While much has been said and written about Warren Buffett and his investment style, there has been little rigorous empirical analysis that explains his performance. Every investor has a view on how Buffett has done it, but we seek the answer via a thorough empirical analysis in light of some the latest research on the drivers of returns.
We rigorously study Buffett’s record, comparing it to the long-term performance of other stocks and mutual funds, and decomposing Buffett’s performance into its components due to leverage, shares in publicly traded equity, and wholly owned companies.
We document how Buffett’s outstanding performance is the best among all stocks and mutual funds that have existed for at least 30 years. Nevertheless, his Sharpe ratio of 0.76 might be lower than many investors imagine. While optimistic asset managers often claim to be able to achieve Sharpe ratios above 1 or 2, long-term investors might do well by setting a realistic performance goal and bracing themselves for the tough periods that even Buffett has experienced.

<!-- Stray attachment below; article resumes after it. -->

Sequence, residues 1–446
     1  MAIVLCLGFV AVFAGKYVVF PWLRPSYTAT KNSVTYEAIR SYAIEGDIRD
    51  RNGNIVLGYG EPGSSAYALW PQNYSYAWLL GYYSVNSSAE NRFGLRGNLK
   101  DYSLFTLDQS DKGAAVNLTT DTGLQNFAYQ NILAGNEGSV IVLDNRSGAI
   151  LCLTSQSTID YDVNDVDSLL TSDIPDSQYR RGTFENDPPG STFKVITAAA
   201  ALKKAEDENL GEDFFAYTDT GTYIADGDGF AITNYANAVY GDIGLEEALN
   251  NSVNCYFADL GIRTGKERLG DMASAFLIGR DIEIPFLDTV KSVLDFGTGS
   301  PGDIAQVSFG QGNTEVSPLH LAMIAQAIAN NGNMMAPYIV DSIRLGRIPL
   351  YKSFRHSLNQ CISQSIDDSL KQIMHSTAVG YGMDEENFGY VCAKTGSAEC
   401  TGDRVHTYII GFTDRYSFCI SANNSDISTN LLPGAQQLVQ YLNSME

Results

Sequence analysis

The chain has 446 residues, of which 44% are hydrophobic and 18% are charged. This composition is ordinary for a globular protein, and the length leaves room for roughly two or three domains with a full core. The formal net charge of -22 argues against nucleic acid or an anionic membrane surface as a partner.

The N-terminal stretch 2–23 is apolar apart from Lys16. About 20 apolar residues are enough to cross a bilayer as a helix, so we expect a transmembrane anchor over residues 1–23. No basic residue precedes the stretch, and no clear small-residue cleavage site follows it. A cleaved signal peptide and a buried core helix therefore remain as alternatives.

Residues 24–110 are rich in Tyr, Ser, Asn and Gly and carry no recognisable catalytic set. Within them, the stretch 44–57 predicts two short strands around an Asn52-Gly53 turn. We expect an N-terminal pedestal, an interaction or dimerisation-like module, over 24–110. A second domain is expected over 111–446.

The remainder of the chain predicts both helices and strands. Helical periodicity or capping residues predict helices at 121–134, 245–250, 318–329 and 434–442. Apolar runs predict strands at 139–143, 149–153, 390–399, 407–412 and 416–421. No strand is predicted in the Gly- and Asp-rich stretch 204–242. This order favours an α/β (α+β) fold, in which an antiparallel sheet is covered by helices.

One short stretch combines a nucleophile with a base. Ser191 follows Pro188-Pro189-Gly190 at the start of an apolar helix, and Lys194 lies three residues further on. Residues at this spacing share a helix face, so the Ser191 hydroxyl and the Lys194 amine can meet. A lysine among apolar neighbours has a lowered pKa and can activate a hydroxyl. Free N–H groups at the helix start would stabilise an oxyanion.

In essence, we find that the secret to Buffett’s success is his preference for cheap, safe, high-quality stocks combined with his consistent use of leverage to magnify returns while surviving the inevitable large absolute and relative drawdowns this entails. Indeed, we find that stocks with the characteristics favored by Buffett have done well in general, that Buffett applies about 1.6-to-1 leverage financed partly using insurance float with a low financing rate, and that leveraging safe stocks can largely explain Buffett’s performance.